Jemmape (department)

Department of Jemmape

Département de Jemmape
Flag of Jemmape
Jemmape and other annexed departments
Jemmape and other annexed departments
StatusDepartment of the French First Republic and the French First Empire
50°27′N 3°53′E / 50.450°N 3.883°E / 50.450; 3.883
Official languagesFrench
Common languagesDutch
Historical eraFrench Revolutionary Wars
• Creation
1 October 1795
• Treaty of Paris, disestablished
30 May 1814
18123,766[1] km2 (1,454 sq mi)
• 1812
Preceded by Succeeded by
Austrian Netherlands
Prince-Bishopric of Liège
United Kingdom of the Netherlands
Today part of

Jemmape [ʒɛ.map] was a department of the First French Republic and of the First French Empire in present-day Belgium. It was named after the Battle of Jemappes, fought between the French and the Austrians in 1792 near the village of Jemappes, near Mons. Jemappes was spelled Jemmape, Jemmapes or Jemmappes at the time. Its territory corresponded more or less with that of the Belgian province of Hainaut. It was created on 1 October 1795, when the Austrian Netherlands and the Prince-Bishopric of Liège were officially annexed by the French Republic[2]. Before the reunion with France, its territory was part of the County of Hainaut, Tournai and the Tournaisis, a part of the County of Namur (Charleroi) and of the Bishopric of Liège (Thuin).

The Chef-lieu of the department was Mons. The department was subdivided into the following three arrondissements and cantons:

After Napoleon was defeated in 1814, the department was dissolved and later it became part of the United Kingdom of the Netherlands as the province of Hainaut.

Map of the former Jemmape department



The Prefect was the highest state representative in the department.

Term start Term end Office holder
2 March 1800[3] 1 February 1805 Jean-Baptiste Étienne Garnier
1 February 1805[4] 7 August 1810 Patrice Charles Gislain De Coninck
7 August 1810[5] 8 February 1812 Jean-Baptiste Maximilien Villot de Fréville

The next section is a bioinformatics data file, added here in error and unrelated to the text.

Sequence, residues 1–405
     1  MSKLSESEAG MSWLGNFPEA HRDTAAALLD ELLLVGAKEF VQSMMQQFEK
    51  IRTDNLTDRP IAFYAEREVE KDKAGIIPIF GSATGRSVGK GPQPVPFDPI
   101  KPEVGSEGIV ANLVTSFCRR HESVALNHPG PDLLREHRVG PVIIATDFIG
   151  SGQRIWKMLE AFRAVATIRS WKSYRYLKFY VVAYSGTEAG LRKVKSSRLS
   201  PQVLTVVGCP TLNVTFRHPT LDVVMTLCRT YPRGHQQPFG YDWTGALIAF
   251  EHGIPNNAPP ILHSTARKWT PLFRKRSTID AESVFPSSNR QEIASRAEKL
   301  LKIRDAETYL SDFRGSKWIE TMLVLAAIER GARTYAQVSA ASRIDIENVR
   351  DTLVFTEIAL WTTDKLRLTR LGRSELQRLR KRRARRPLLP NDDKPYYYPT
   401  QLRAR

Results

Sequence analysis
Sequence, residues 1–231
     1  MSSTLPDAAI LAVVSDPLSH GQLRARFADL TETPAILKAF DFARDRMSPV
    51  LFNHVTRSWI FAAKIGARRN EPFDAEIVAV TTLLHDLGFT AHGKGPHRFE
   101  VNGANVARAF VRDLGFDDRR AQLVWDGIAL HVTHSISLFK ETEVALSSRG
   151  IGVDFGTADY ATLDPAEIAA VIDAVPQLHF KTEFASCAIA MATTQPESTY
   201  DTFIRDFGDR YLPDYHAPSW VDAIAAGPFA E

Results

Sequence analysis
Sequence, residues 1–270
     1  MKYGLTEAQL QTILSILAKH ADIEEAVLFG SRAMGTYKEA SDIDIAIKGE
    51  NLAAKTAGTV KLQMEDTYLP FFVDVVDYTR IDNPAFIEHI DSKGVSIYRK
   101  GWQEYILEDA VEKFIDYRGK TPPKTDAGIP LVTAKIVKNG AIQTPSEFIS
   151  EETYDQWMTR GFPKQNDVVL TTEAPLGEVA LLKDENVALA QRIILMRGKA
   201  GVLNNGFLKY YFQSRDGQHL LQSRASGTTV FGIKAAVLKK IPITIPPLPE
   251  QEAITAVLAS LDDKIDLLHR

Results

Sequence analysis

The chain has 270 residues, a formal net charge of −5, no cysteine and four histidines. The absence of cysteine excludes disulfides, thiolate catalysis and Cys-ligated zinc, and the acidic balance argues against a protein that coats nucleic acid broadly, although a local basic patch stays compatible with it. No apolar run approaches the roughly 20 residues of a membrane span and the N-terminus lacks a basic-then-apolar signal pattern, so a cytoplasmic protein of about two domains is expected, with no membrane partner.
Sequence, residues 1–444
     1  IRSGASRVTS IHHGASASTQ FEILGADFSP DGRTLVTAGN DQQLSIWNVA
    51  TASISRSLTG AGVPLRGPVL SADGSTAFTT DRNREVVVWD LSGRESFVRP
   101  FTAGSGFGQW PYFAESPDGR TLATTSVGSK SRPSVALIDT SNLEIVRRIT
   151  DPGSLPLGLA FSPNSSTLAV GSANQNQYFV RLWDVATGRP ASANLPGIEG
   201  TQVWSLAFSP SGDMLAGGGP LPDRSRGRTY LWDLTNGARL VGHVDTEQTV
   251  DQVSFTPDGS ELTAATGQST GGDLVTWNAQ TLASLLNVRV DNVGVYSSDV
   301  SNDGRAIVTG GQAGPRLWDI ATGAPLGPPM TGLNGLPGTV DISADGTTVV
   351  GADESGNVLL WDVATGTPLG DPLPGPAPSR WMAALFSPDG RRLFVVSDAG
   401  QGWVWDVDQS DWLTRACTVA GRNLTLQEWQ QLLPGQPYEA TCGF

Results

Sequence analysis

8 February 1812[6] 9 March 1812 Benoît Joseph Holvoet
9 March 1812[7] 30 May 1814 Pierre-Clément de Laussat


The Secretary-General was the deputy to the Prefect.

Term start Term end Office holder
2 March 1800 30 May 1814 Robert La Vallée

Subprefects of Charleroi

Term start Term end Office holder
26 April 1800[8] 30 May 1814 Stanislas Joseph Troye

Subprefects of Mons

The office of Subprefect of Mons was held by the Prefect until 1811.

Term start Term end Office holder
14 January 1811[8] 11 April 1811 Philibert François Jean Baptiste Joseph Vander Haegen de Mussain
11 April 1811[8] 30 May 1814 Defraye de Schiplaecken

Subprefects of Tournai

Term start Term end Office holder
25 April 1800[8] 3 February 1804 François Magloire Joseph Goblet
3 February 1804[8] 30 May 1814 Nicolas Lahure


  1. ^ a b Almanach Impérial. Imprimerie de Sa Majesté. 1812. p. 415.
  2. ^ Duvergier, Jean-Baptiste (1835). Collection complète des lois, décrets, ordonnances, réglemens et avis du Conseil d'état, t. 8. p. 300.
  3. ^ Archives Nationales. "GARNIER, Jean-Baptiste Étienne". francearchives.fr. Retrieved 26 June 2019.
  4. ^ Archives Nationales. "DE CONINCK DIT CONINCK-OUTRIVE, Patrice Charles Gislain". francearchives.fr. Retrieved 26 June 2019.
  5. ^ Archives Nationales. "VILLOT DE FRÉVILLE, Jean-Baptiste Maximilien". francearchives.fr. Retrieved 26 June 2019.
  6. ^ Archives Nationales. "HOLVOET, Benoît Joseph". francearchives.fr. Retrieved 26 June 2019.
  7. ^ Archives Nationales. "DE LAUSSAT, Pierre Clément". francearchives.fr. Retrieved 26 June 2019.
  8. ^ a b c d e Tulard, Jean & Marie-José (2014). Napoléon et 40 millions de sujets: La centralisation et le premier empire. p. 308.

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